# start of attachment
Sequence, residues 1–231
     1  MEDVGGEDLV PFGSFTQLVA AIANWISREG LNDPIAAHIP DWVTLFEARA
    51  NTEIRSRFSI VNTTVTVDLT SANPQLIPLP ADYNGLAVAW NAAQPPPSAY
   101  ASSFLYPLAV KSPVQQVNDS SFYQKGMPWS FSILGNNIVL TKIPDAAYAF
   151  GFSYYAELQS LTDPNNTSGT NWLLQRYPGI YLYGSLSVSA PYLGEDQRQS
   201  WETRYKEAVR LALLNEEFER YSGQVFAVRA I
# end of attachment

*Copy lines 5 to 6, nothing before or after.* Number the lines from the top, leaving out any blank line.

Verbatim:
   151  GFSYYAELQS LTDPNNTSGT NWLLQRYPGI YLYGSLSVSA PYLGEDQRQS
   201  WETRYKEAVR LALLNEEFER YSGQVFAVRA I